[1] See Servotronics, Inc. v. Rolls-Royce PLC, 975 F.3d 689 (7th Cir. 2020).

[2] See id. at 690.

[3] Servotronics, Inc. v. Boeing Co., 954 F.3d 209, 210 (4th Cir. 2019).

[4] Abdul Latif Jameel Transportation Co. v. FedEx Corp. (In re Application to Obtain Discovery for Use in Foreign Proceedings), 939 F.3d 710, 714 (6th Cir. 2019).

[5] See Servotronics, 975 F.3d at 690.

[6] Br. in Opp. at 7, Servotronics, Inc. v. Rolls-Royce PLC, No. 20-794 (Feb. 10, 2021).

[7] Kingdomware Techs., Inc. v. United States, 136 S. Ct. 1969, 1976 (2016).

[8] Id.

[9] Honig v. Doe, 484 U.S. 305, 319 n.6 (1988).

[10] See In re Appl. of Servotronics, Inc. for an Order Pursuant to 28 U.S.C. §1782 to Take Discovery for Use in a Foreign Proceeding, Case No. 0:20-mc-0081-JRT-KMM (D. Minn. Dec. 1, 2020).

[11] See "Frequently Asked Questions" London Court of International Arbitration, available at https://www.lcia.org/Frequently_Asked_Questions.aspx#24. (last visited Apr. 1, 2021).

[12] See "Frequently Asked Questions (FAQs)" Singapore International Arbitration Centre, available at https://www.siac.org.sg/faqs#faq15 (last visited Apr. 1, 2021).

[13] See "HKIAC Average Costs and Duration", Hong Kong International Arbitration Centre, available at https://www.hkiac.org/content/costs-duration (last visited Apr. 1, 2021).

[14] See "SCC Releases Statistics for 2019", Stockholm Chamber of Commerce, available at https://sccinstitute.com/about-the-scc/news/2020/scc-releases-statistics-for-2019/ (last visited Apr. 1, 2021).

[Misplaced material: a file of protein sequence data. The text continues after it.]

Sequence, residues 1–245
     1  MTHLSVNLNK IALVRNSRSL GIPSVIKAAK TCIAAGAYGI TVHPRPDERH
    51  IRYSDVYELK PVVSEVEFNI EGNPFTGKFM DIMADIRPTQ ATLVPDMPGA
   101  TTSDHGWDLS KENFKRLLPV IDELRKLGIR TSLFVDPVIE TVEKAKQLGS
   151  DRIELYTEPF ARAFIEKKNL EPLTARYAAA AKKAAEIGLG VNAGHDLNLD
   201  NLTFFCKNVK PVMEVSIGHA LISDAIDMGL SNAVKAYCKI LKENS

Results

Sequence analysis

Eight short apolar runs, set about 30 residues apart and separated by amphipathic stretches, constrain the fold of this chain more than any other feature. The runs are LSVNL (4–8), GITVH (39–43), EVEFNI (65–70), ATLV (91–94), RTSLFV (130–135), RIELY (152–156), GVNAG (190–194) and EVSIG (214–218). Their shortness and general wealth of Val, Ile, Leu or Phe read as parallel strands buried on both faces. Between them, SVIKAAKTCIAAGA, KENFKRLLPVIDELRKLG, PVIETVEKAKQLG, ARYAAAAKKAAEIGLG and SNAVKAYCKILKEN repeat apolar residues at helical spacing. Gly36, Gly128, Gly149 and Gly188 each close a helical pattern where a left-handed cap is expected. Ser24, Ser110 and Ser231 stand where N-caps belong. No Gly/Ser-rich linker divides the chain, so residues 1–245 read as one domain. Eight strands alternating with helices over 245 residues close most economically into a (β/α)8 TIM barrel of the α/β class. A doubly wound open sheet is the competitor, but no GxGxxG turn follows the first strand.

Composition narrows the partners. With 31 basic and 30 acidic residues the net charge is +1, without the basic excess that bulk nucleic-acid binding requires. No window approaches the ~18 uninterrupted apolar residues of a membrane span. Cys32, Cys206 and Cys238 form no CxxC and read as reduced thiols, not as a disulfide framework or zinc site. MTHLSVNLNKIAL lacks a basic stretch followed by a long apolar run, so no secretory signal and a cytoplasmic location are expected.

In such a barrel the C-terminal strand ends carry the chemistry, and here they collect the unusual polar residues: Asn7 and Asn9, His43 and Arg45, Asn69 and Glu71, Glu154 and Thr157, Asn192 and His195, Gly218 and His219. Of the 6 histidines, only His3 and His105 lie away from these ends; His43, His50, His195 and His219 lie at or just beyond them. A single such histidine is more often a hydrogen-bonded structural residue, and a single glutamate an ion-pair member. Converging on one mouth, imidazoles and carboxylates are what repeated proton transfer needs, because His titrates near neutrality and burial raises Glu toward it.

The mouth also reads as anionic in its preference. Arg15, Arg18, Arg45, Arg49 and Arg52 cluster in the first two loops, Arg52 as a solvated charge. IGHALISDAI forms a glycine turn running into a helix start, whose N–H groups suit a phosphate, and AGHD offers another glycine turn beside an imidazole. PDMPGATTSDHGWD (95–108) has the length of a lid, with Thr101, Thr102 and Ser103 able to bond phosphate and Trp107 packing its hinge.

[15] See "ICC Dispute Resolution 2019 Statistics" International Chamber of Commerce, available for download at https://iccwbo.org/publication/icc-dispute-resolution-statistics/ (last visited Apr. 1, 2021), p. 17.

[16] 542 U.S. 241 (2004).

[17] The Section 1782 application was filed on October 1, 2001 and the Supreme Court's decision was issued on June 21, 2004.

[18] See, e.g., Servotronics, Inc. v. Rolls-Royce PLC, 975 F.3d 689 (7th Cir. 2020) (issued more than two years after the underlying arbitration was filed); In re Guo, 965 F.3d 96 (2d Cir. 2020) (issued 21 months after the underlying arbitration was filed); Servotronics, Inc. v. Boeing Co., 954 F.3d 209 (4th Cir. 2020) (issued 18 months after the underlying arbitration was filed); In re Appl. to Obtain Discovery for Use in Foreign Proceedings, 939 F.3d 710 (6th Cir. 2019) (issued 18 months after the underlying arbitrations were filed, and dismissing part of application for mootness); El Paso Corp. v. La Comision Ejecutiva Hidroelectrica del Rio Lempa, 341 F. App'x 31 (5th Cir. 2009) (issued more than two years after the underlying arbitration was filed); Comisión Ejecutiva Hidroeléctrica del Río Lempa v. Nejapa Power Co. LLC, 341 F. App'x 821 (3d Cir. 2009) (issued more than two years after the underlying arbitration was filed, and dismissing for mootness).

[19] Kingdomware, 136 S. Ct. at 1976 (internal quotation marks omitted).